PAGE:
New Video: The Psychedelic Visuals for Plague Vendor’s Punchy and Anthemic “ISUA”

Much like the material on Free to Eat, the material off their latest effort Blooddsweat is comprised of material that had been written, revised, road-tested, further revised and re-imagined before the members of the quarter went into the studio. Produced and engineered by Stuart Sikes, best known for his work with The Walkman, Cat Power and Modest Mouse, Sikes encouraged the band to embrace a minimalist production with each member aiming to capture each track, each note in as a few takes as humanly possible and with little to no overdubs. Ultimately, the intent was to have their recorded sound hew as closely as possible to their live sound. Interestingly, Bloodsweat thematically is inspired by the last couple of years of each bandmember’s life, and the dedication and sacrifices being a serious artist must make and how that’s influenced them as a band as people. And when you listen to tracks on the album, it’s evident that their sound has grown, it’s also evident that their sound is still subtly influenced by At the Drive-In, Liars, The Cramps and others.

The album’s first single “ISUA (I Stay Up Anyway)” is an anthemic and punchy bit of punk rock with a furiously insistent bass line and a forceful stomp — and it’s the sort of single you can practically picture concertgoers in a small, dark and sweaty room yelling aloud to with upraised beers.

The recently released video features footage of the band playing a live gig but set in wild, psychedelic negatives — that almost makes it seem like going to a Plague Vendor show would be a trippy experience.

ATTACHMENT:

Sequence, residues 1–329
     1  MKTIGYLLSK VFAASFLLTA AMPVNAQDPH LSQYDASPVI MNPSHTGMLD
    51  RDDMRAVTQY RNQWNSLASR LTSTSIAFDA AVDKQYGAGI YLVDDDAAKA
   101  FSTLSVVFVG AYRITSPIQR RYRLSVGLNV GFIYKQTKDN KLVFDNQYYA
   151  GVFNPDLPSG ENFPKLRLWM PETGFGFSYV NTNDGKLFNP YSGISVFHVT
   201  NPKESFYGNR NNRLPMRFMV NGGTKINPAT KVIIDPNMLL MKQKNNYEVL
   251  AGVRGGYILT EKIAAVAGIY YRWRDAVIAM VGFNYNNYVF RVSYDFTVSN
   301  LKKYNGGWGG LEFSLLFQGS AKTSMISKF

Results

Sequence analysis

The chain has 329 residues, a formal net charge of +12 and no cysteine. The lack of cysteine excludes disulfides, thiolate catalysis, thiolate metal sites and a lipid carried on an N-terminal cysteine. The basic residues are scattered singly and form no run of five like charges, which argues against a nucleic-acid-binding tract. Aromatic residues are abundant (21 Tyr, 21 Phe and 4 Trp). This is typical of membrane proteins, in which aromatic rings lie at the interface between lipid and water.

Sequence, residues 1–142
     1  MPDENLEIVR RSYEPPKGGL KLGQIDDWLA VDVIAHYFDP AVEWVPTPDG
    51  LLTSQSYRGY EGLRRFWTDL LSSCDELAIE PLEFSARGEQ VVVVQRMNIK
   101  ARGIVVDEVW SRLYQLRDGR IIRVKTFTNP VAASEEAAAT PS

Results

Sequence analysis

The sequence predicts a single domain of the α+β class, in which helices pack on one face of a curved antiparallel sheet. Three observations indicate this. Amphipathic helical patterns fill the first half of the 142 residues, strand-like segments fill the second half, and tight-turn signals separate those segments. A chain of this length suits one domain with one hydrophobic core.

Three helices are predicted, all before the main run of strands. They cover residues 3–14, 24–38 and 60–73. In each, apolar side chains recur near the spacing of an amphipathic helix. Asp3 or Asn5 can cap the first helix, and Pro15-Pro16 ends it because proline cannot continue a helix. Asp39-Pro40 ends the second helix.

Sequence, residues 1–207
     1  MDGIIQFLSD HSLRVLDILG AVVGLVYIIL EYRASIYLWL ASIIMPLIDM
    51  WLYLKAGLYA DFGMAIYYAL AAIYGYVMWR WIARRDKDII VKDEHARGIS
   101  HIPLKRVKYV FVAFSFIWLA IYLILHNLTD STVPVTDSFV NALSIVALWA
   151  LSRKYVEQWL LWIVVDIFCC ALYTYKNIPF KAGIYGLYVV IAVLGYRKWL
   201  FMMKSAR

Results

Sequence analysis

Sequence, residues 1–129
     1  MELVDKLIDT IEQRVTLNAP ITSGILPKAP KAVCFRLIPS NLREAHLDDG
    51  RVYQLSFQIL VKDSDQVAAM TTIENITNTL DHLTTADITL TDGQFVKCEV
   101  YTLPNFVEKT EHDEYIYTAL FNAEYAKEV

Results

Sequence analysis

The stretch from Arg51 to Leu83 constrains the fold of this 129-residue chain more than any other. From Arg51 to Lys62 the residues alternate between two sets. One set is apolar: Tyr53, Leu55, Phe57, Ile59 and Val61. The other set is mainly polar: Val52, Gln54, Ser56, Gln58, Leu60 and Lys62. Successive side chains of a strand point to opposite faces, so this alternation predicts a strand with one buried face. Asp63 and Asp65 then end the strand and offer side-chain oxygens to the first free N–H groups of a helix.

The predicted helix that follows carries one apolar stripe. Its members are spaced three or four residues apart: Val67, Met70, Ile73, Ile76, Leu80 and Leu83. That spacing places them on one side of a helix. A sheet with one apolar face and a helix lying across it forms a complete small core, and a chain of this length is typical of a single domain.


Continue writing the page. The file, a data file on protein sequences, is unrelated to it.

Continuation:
Although they derive their name from a mischievous pun based off Stephen King‘s stark, vampire novel Salem’s Lot, little is known about the mysterious Swedish psych rock act Salem’s Pot — except for the fact that their sound and aesthetic seems to draw from old horror movies like The Last House on the LeftEl Topo and Blood Feast, as well as The Cramps, Pentagram, Roky Erickson, The Stooges, Deep Purple and others; in other words, murky psych rock with an unsettling sense of menace just underneath the surface. Interestingly what is known is this:  between the release of 2014’s Lurar ut dig pa prarien and the forthcoming album Pronounce This! the band has gone through a lineup shuffle in which their previous drummer took up guitar, allowing the band to recruit a new drummer — and with the release of album opener and latest single “Tranny Takes A Trip,” the lineup shuffling has allowed the band to expand upon their sound as layers of scorching and acidic guitar chords played through copious amounts of wah wah pedal and other effects are paired with soaring organ chords, arena rock-friendly hooks and ironically snarled vocals. Sonically and structurally the song seems to equally draw from Black Sabbath and much more contemporary fare including Ecstatic Vision, Slow Season and others; in other words, much like those bands the mysterious Swedish act specialize in mind-altering songs consisting of several different sections held together by a propulsive rhythm section.